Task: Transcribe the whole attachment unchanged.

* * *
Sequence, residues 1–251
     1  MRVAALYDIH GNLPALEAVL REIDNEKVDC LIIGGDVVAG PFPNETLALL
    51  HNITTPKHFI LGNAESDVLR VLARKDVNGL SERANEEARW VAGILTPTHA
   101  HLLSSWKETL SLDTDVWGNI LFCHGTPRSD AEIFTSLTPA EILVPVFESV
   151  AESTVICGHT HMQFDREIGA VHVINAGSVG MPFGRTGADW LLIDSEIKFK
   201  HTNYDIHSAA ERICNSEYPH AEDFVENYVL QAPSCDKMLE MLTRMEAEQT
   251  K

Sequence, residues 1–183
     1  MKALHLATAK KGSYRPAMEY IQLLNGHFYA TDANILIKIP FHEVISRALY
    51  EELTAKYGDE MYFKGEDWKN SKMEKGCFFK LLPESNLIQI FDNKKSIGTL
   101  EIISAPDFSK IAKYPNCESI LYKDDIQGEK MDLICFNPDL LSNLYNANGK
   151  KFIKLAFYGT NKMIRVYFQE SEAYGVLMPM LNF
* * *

Sequence, residues 1–251
     1  MRVAALYDIH GNLPALEAVL REIDNEKVDC LIIGGDVVAG PFPNETLALL
    51  HNITTPKHFI LGNAESDVLR VLARKDVNGL SERANEEARW VAGILTPTHA
   101  HLLSSWKETL SLDTDVWGNI LFCHGTPRSD AEIFTSLTPA EILVPVFESV
   151  AESTVICGHT HMQFDREIGA VHVINAGSVG MPFGRTGADW LLIDSEIKFK
   201  HTNYDIHSAA ERICNSEYPH AEDFVENYVL QAPSCDKMLE MLTRMEAEQT
   251  K

Sequence, residues 1–183
     1  MKALHLATAK KGSYRPAMEY IQLLNGHFYA TDANILIKIP FHEVISRALY
    51  EELTAKYGDE MYFKGEDWKN SKMEKGCFFK LLPESNLIQI FDNKKSIGTL
   101  EIISAPDFSK IAKYPNCESI LYKDDIQGEK MDLICFNPDL LSNLYNANGK
   151  KFIKLAFYGT NKMIRVYFQE SEAYGVLMPM LNF